al·​lude ə-ˈlüd How to pronounce allude (audio)
alluded; alluding

intransitive verb

: to make indirect reference
comments alluding to an earlier discussion
broadly : refer

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Usage of Allude

Allude is a word with playful roots—literally. It comes from the Latin alludere, which means "to play with," and shares the root of Latin ludere ("to play") with other English words, such as ludicrous and delude. One of the former meanings of allude was "to engage in wordplay": this sense is now long obsolete.

Although some people think that allude must always specifically entail an indirect reference, this is not the case; people have been using allude in the sense of "to refer to directly" for well over a century (as in "The Man Without a Country," the short story by Edward Everett Hale from 1863: "He never alluded so directly to his story again..."). So while allude may more commonly be used in the sense of expressing something indirectly, it is neither uncommon nor improper to use it to mean something more direct.

Allude need not always be followed by the preposition to, although that is the most common construction in modern usage.

Example Sentences

As alluded to previously, the entire universe may actually exist in a higher-dimensional space. Clifford A. Pickover, Surfing Through Hyperspace, 1999
Adams had alluded to slavery in 1816, when he confided to Jefferson that "there will be greater difficulties to preserve our Union, than You and I, our Fathers Brothers Friends … have had to form it." Joseph J. Ellis, American Heritage, May/June 1993
The more challenging problems in fact—ones that the optimists rarely allude to—will be the problems of success. Charles R. Morris, Atlantic, October 1989
Mrs. Simons alluded to some health problems, without being specific.
Recent Examples on the Web Additionally, many of Cleveland’s lobby cards allude to plots that subverted and parodied the gender expectations of their time. Ella Feldman, Smithsonian Magazine, 19 Oct. 2022 And asked for advice to younger economists, Mr. Bernanke seemed to allude to the twists his career took, from researching financial crises to steering the world’s largest economy through one. Jeanna Smialek, New York Times, 10 Oct. 2022 Yet both stopped short of publishing the full contents of the call, opting to instead allude to what was said. Elise Taylor, Vogue, 9 Nov. 2022 The daughter, Elizabeth I, is more coy, refusing to meet the viewer’s gaze and relying on layers of symbolism to allude to the strength of her rule. Meilan Solly, Smithsonian Magazine, 11 Oct. 2022 The Isaacsons wanted their home to allude to the city’s eccentric style and its native design codes but not evoke them directly. ELLE Decor, 21 Sep. 2022 While several songs on the album seem to allude to the singer's long-term relationship with Alwyn, there is at least one track that fans think is inspired by her past love life. Sophie Dodd, Peoplemag, 21 Oct. 2022 The lyrics also allude to Swift’s tumultuous life in the spotlight, and the ways in which her relationship with Alwyn has provided shelter. Lauren Puckett-pope, ELLE, 21 Oct. 2022 But legal documents allude to a mysterious group of moderators who are making calls on what is and isn’t spam on Twitter on a daily basis. Morgan Meaker, WIRED, 28 Sep. 2022 See More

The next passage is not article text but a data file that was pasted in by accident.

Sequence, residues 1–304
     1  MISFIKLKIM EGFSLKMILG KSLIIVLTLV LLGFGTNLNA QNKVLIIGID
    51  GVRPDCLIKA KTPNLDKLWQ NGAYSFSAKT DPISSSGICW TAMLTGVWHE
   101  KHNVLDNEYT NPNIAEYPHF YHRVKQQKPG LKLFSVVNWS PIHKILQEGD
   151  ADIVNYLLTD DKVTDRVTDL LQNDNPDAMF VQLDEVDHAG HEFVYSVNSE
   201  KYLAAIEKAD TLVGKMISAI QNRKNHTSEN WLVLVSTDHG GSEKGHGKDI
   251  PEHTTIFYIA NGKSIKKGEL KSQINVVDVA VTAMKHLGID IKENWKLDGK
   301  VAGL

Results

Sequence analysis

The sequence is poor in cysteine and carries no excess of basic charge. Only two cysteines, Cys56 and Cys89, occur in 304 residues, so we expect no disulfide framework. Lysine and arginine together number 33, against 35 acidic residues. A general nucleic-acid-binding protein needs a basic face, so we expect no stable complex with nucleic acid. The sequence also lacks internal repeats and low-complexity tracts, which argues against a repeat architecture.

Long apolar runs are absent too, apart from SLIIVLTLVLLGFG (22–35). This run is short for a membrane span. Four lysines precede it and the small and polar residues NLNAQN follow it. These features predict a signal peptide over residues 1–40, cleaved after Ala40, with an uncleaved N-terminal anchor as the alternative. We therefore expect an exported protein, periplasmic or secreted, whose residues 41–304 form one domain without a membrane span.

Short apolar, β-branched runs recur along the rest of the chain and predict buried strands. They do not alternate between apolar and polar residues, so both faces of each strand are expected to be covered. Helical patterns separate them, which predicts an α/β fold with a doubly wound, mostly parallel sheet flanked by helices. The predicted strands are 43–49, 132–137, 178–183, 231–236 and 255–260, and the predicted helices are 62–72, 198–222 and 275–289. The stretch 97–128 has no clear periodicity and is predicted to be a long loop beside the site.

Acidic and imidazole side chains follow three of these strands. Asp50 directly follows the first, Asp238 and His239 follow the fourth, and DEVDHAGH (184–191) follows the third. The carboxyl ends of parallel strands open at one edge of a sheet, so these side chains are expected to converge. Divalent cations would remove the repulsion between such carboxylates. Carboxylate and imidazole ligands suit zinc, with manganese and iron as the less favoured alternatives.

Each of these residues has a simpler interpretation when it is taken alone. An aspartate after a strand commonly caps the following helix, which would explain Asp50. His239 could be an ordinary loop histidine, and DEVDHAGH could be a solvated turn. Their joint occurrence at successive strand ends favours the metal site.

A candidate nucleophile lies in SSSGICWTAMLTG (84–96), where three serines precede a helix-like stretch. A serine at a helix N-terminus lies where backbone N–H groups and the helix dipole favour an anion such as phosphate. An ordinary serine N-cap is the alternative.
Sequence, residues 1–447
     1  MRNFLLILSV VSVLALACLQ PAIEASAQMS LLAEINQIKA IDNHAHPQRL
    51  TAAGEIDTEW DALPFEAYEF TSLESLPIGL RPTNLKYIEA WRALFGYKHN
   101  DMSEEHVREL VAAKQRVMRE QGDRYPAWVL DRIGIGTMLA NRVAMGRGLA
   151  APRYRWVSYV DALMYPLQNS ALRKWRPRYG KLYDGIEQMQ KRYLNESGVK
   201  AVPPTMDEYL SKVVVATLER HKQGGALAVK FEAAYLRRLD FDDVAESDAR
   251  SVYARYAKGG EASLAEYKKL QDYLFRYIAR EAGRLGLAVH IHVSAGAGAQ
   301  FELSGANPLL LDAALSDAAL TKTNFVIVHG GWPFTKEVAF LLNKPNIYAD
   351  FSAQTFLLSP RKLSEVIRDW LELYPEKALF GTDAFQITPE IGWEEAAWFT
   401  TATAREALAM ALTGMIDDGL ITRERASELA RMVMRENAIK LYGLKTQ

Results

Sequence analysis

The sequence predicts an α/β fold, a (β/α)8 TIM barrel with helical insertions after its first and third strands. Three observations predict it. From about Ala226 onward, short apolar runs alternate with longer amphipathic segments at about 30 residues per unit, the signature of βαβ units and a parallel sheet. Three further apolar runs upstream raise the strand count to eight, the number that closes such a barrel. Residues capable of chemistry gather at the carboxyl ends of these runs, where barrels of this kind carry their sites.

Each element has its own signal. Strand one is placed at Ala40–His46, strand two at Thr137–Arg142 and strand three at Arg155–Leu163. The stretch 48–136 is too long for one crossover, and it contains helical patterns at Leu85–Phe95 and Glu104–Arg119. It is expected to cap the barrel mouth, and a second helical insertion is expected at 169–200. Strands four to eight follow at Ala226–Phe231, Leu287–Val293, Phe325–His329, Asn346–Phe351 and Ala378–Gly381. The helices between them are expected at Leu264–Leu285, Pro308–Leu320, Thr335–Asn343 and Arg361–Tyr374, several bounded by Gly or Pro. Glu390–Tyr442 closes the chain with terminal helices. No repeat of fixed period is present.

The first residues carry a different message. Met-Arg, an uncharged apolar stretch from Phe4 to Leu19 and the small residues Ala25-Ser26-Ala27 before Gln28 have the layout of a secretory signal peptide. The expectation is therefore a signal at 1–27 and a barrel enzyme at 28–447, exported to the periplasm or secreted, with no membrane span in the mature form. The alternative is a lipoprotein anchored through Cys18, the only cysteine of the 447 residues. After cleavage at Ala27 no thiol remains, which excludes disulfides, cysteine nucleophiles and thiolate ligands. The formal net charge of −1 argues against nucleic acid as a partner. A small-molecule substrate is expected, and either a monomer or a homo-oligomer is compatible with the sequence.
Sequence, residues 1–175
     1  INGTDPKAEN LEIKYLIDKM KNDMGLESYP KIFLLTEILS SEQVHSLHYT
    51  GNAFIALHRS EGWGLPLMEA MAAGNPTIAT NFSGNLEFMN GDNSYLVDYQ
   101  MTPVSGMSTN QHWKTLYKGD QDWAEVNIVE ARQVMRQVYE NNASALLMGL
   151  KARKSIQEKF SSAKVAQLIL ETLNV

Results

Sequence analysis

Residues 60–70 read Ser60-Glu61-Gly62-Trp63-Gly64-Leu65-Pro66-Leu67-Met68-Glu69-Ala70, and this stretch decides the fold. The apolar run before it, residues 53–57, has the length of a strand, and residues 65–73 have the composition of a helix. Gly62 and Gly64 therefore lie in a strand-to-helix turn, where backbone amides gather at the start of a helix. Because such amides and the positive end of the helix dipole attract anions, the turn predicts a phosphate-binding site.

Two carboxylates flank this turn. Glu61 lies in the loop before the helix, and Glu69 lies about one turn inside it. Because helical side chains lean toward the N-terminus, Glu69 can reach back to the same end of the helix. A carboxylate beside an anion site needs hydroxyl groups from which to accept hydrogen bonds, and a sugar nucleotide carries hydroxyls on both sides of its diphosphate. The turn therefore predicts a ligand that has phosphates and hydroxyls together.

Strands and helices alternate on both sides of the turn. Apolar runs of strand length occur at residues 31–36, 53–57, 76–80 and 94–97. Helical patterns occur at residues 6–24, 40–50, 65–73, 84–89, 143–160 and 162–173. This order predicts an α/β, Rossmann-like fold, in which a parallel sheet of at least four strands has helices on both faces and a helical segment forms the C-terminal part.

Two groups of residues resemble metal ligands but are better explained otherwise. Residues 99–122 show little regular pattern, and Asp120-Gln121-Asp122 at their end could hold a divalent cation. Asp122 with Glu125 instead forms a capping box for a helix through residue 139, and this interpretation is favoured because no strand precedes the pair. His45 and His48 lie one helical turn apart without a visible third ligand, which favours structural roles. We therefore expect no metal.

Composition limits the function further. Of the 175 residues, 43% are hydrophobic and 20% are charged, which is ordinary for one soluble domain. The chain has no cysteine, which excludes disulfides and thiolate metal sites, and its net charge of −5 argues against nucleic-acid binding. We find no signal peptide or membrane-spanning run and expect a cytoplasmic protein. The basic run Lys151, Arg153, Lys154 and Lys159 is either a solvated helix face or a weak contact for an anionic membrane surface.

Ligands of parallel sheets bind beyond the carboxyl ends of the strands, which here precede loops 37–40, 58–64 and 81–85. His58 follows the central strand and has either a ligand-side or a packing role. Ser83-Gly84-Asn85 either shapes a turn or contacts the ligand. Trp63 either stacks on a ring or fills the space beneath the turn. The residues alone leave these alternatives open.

These example sentences are selected automatically from various online news sources to reflect current usage of the word 'allude.' Views expressed in the examples do not represent the opinion of Merriam-Webster or its editors. Send us feedback.

Word History


Latin alludere, literally, to play with, from ad- + ludere to play — more at ludicrous

First Known Use

circa 1531, in the meaning defined above

Time Traveler
The first known use of allude was circa 1531

Dictionary Entries Near allude

Cite this Entry

“Allude.” Dictionary, Merriam-Webster, Accessed 22 Mar. 2023.

Kids Definition


al·​lude ə-ˈlüd How to pronounce allude (audio)
alluded; alluding
: to speak of or hint at without mentioning directly

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